from Pressure Points and Middle East Program

American Humanitarian Aid in Syria: Too Little, Too Late, Too Much to Assad

February 27, 2013

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Today’s Washington Post reports that

The Obama administration is moving toward a major policy shift on Syria that could provide rebels there with equipment such as body armor and armored vehicles, and possibly military training, and could send humanitarian assistance directly to Syria’s opposition political coalition.

The United States will continue to refuse military aid to the rebels, but the policy change is viewed as a significant one and has been signaled in remarks by our new secretary of state during his trip this week.

The rebellion against the Assad regime is now two years old. There are an estimated 70,000 dead and perhaps 4 million refugees and displaced persons. Large areas of the country are now in rebel hands or are contested between the rebels and the regime.

In that context it is worth stopping to re-read one line quoted above: if the new policy is implemented the United States "could send humanitarian assistance directly to Syria’s opposition political coalition." This of course makes one wonder where we have been sending it. The Post answers the question:

The Obama administration, citing legal restrictions on direct funding of the opposition, has funneled $385 million in humanitarian aid through international institutions and nongovernmental organizations, most of which operate under Syrian government supervision.

There is no better measure of the failed policy toward Syria that has been followed these two years by the Obama administration. Nor need we look much further to understand why, as the Post also reports

The opposition...has been strident in its criticism of the United States and others for refusing to provide it with the resources to organize a quasi-government and broaden its support inside Syria.

In the midst of a gigantic rebellion against the Assad regime and immense humanitarian suffering inflicted by that regime, we have been providing aid to agencies that operate under the supervision of that regime. The disgraceful result is revealed in a January 29, 2013 statement by Medecins Sans Frontieres:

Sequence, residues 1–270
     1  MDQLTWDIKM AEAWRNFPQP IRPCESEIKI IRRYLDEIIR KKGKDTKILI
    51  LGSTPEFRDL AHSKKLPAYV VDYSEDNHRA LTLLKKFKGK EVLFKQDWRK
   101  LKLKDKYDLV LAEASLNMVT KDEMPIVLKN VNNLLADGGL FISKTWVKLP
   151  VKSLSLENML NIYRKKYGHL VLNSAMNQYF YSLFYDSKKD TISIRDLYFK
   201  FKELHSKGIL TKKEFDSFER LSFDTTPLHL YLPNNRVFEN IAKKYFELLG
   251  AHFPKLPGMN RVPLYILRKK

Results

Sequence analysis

International aid provided to Syria is not being distributed equally between government and opposition controlled areas. The areas under government control receive nearly all international aid, while opposition-held zones receive only a tiny share.

It should be obvious that the ability to dispense food, medicine, and other crucial humanitarian goods is a source of power and influence. We have for two years complained of the composition of the opposition and the worrying strength of extremist elements--and have then failed even to provide the more moderate elements with humanitarian support that they could distribute to strengthen themselves. Meanwhile the extremist groups engage in "humanitarian relief efforts, such as paving new roads and clearing old ones, baking bread for the increasing number of needy Syrians, and supplying foodstuffs."

That the provision of military aid, lethal or non-lethal, directly to the rebels should occasion long debate is understandable, though two years of dithering is unforgivable. But even if you think it to be forgivable, and indeed proper, to be considering two years in whether we should now direct our humanitarian aid away from government-controlled agencies and areas and toward rebel-controlled areas and rebel groups we favor is the greatest indictment of the administration’s Syria policy. Let us hope that the policy changes Secretary Kerry has been talking about are implemented immediately.

More on:

Middle East and North Africa

Syria

United States

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